A born again, child of God, a true believer in Jesus Christ, who has Jesus Christ as their Lord and Master, looks at difficult times with an expectant hope.  The word expectant means that they are eager for the future to come, and they are excited about what is coming.  They can be expectant because they have absolute certainty in the promises that God has provided for them.  

They can easily ask themselves, how can I fail to overcome the problems of this world with the power of the Holy Spirit of Christ in my heart.  How can death harm me, if I know what is going to happen next?  Death is nothing more than a weigh station to eternity.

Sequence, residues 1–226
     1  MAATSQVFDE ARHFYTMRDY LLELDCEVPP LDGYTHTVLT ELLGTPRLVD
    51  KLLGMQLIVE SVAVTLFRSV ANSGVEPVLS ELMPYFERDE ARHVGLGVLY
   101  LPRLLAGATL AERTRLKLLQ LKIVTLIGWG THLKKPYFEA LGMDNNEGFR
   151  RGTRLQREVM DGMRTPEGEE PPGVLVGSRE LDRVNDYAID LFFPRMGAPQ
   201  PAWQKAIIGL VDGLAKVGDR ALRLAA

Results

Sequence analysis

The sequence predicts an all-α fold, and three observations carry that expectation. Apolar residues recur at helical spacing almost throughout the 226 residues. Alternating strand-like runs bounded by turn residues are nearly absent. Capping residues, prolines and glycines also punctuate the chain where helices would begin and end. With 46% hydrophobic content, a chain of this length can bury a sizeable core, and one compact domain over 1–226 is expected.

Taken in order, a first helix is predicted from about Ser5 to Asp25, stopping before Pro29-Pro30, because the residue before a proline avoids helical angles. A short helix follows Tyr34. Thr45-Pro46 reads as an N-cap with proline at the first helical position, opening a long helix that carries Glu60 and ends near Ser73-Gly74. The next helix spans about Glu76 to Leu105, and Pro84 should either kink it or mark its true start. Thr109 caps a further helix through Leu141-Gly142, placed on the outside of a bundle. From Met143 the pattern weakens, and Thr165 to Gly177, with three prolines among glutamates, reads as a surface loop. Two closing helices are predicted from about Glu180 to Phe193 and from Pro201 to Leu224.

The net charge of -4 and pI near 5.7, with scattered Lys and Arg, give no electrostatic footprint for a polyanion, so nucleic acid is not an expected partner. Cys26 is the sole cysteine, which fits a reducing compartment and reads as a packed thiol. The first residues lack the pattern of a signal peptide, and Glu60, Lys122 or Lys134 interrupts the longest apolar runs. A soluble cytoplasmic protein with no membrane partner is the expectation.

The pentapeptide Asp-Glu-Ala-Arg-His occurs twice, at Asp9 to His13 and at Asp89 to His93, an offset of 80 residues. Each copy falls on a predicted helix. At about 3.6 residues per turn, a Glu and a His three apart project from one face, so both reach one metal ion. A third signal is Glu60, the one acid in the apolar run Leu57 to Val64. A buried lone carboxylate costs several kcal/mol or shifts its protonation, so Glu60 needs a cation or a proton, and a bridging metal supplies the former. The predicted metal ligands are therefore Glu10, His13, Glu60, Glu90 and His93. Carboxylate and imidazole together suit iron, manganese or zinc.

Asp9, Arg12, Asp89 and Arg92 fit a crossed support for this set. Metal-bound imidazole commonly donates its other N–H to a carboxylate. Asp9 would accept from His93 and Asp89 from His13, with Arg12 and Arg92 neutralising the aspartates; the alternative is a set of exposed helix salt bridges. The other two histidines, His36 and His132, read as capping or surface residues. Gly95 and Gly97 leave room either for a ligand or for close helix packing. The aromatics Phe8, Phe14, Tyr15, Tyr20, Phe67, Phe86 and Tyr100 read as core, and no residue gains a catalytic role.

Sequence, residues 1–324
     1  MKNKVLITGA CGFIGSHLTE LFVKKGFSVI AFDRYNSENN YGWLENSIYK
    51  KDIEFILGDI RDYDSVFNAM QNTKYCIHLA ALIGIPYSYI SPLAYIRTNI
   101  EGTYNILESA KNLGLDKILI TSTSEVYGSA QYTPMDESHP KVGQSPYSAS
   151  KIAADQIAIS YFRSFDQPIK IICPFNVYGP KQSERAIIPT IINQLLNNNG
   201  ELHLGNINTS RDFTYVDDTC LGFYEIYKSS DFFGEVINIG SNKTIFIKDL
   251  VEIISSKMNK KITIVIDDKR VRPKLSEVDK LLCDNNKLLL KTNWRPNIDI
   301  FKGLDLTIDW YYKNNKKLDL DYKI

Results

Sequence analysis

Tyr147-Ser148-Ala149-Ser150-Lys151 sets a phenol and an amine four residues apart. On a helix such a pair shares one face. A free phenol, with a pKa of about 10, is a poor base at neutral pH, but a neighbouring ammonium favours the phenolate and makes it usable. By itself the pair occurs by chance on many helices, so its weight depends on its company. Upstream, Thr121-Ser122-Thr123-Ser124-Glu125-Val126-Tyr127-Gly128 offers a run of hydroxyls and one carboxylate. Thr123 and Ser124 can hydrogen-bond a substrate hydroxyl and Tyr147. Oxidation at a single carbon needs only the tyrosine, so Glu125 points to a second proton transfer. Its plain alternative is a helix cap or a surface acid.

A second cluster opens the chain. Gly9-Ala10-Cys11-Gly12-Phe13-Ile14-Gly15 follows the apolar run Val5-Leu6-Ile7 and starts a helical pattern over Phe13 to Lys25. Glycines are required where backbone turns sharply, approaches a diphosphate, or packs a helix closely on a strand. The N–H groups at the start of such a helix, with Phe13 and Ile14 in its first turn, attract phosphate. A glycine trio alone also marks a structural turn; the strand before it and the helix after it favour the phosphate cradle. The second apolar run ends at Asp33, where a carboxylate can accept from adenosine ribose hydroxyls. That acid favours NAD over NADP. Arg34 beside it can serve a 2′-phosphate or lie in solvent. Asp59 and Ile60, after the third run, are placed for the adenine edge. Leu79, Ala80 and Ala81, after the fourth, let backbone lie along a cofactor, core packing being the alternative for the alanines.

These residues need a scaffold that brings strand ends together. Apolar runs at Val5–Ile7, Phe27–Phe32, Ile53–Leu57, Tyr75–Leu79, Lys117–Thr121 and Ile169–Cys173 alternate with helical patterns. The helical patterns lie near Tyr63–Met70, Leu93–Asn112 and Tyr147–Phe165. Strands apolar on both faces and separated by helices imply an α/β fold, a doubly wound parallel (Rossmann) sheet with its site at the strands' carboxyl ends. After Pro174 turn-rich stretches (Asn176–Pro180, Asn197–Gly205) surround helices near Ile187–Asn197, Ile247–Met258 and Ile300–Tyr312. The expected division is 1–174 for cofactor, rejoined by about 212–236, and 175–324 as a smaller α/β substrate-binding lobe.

In his final words to Timothy, Paul expressed this expectant hope eloquently.

2 Tim 4:6-8
6 For I am now ready to be offered, and the time of my departure is at hand.
7 I have fought a good fight, I have finished my course, I have kept the faith:
8 Henceforth there is laid up for me a crown of righteousness, which the Lord, the righteous judge, shall give me at that day: and not to me only, but unto all them also that love his appearing.
KJV

There was no doubt in Paul’s mind what laid beyond the grave.  He was absolutely certain of his eternity with Jesus.  He knew that Jesus would be waiting for him, ready to say, welcome home thou good and faithful servant.  This is the expectant hope of the believer.  Listen to this podcast to learn how you can have an expectant hope.